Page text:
THE repeal of Section 28 in England and Wales in 2003 is rightly seen as a landmark moment in the path to LGBTQ+ liberation in the United Kingdom – but harking back to it now increasingly feels more like an exercise in PR than any meaningful statement on equality in contemporary Britain.

The past weekend marked 20 years since the legislation – which banned the “promotion of homosexuality” (read: acknowledging that gay people exist) in local authorities – was repealed by the then Labour government under Tony Blair.

Three years earlier, the Scottish Government had already patched the equivalent Section 2A from the statute books.

Yet in 2023, I doubt that either of Westminster’s leading political parties could be trusted to take the principled stance that was needed to see such bigotry expelled from the law. Were the current Westminster contingent to be suddenly transported 20 years into the past, I have no confidence at all that the repeal of Section 28 would have happened – even as Labour continue to make hay of it on social media.

Of course, all progressive legislative steps are never quite as inspirational as the neatly packaged and simplified talking points they eventually become. Labour may hashtag “love wins” regarding the repeal of Section 28 now, but at the time they were riven by internal divisions and delays until the end.

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And it’s not the only time that Labour has unfairly used LGBT+ history to portray themselves as more progressive when it became safe to do so.

Earlier this year Keir Starmer noted that he was proud of Labour for having overturned, in 2000, the ban on LGBT people serving in the armed forces – but failed to mention that the decision was taken only AFTER the European Court of Human Rights had ruled it was a breach of people’s right to privacy. In actual fact, government lawyers attempted to defend the ban at the time.

The National: Starmer

Not so much something to proud at all, it seems.

Still, eventually scrapping Section 28 did take a degree of courage. Repealing the legislation was at the time viewed, correctly or otherwise, to be a deeply unpopular position.

Could anyone, hand on heart, say Starmer would have had the fortitude to now take such a position in opposition to perceived public opinion?

Worse yet, when the Conservatives enacted their undemocratic Section 35 order to block Scotland from passing the Gender Recognition Reform Bill (which modernises the means by which transgender people can apply for a gender recognition certificate) Starmer and his party hand waved it through without protest.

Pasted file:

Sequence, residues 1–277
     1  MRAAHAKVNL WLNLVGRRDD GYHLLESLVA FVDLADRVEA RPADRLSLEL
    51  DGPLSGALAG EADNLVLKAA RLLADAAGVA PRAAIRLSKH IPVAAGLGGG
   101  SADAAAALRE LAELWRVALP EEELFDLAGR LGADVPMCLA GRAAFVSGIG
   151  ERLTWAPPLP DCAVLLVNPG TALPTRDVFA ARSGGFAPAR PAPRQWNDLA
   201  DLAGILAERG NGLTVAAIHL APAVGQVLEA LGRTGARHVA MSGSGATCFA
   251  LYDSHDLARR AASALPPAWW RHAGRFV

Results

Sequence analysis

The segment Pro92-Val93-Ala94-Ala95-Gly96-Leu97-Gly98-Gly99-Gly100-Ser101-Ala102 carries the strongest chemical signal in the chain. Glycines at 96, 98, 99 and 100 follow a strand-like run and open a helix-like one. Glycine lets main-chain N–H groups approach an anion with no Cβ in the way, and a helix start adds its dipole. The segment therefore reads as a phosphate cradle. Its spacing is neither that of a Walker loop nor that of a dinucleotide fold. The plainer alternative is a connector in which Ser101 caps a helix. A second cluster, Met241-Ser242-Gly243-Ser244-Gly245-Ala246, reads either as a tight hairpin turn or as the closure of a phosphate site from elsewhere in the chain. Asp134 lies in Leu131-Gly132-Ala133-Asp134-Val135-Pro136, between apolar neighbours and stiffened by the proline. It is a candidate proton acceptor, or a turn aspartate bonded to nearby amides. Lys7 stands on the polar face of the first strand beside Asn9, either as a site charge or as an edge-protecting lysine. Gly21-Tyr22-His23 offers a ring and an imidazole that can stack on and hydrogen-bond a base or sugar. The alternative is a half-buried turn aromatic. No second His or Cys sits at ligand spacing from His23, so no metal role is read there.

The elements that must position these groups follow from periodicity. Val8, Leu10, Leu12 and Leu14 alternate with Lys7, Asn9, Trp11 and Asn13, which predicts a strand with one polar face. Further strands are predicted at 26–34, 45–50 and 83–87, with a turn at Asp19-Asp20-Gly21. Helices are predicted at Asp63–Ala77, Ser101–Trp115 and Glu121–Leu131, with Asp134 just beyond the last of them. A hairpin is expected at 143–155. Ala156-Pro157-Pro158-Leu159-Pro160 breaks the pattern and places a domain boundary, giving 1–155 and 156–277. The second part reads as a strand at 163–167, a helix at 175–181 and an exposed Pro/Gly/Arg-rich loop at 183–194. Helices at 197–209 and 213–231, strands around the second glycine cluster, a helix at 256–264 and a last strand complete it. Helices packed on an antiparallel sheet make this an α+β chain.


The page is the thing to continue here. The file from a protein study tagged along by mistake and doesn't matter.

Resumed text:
In turn, the Scottish branch of Labour was suddenly unable to say whether it would support the bill in the future, despite originally having been vocal proponents of the legislation.

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Speaking to the Sunday Times after the Conservatives had overridden Scotland’s parliamentary democracy, Starmer stated: “The lesson from Scotland is that if you can’t take the public with you on a journey of reform, then you’re probably not on the right journey.”

That logic alone would be enough to exclude much human rights legislation, including the repeal of Section 28 and opposition to re-introducing the death penalty.

Between the authoritarianism of the modern Conservatives under Sunak, Truss and Johnson, and the spineless amorality of Labour under Starmer’s leadership, I doubt either Scotland or the rest of the UK would have shaken off Thatcher’s homophobic legacy so easily, should they have been the dominant political figures of the early noughties.

Rather than challenging the rise of anti-LGBT narratives, the Labour party has instead adopted them. The language of anti-trans activism and organisers is regularly parroted by the Labour front bench – all of which echoes the arguments made against LGBTQ+ people in the 1980s and 90s.

Perhaps the only position that the Labour leader has resolutely set himself in opposition to the public on is in his shameless refusal to back a ceasefire in the occupied Palestinian territories, even as thousands are brutally murdered by the Israeli regime.

I find it quite crass that Labour still believe they can market themselves as a progressive party with past glories while, in reality, standing in the way of further LGBTQ+ and humanitarian progress. Particularly when so many past opponents to progressive reforms have, in time, apologised for the hurt and lost generations their reckless ignorance have created.

In her party conference speech earlier this year, Labour MP Anneliese Dodds claimed that, unlike the Conservatives, Labour would never use the lives of trans people as a political football.

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Labour have already done that. They did it when they used the Conservative government’s block on the GRR Bill to attack the SNP.

They did it when they U-turned on their policy of trans self-id to placate the right wing. They did it when they spoke like a progressive party to one demographic, while visiting homophobic churches with the other.

They did it when they defended Labour MP Rosie Duffield even as she signed a letter opposing a ban on conversion therapy. And had Starmer been running the country in the 2000s, I’ve no doubt he would have kept Section 28 in place Watching the contemporary leaderships of both Labour and the Conservatives, I can’t help but feel I am peeling back the curtain on an endless cycle of indifferent damage – violate the rights of others; defend it; fight it; repeal it; apologise; rewrite it … then start again with someone new.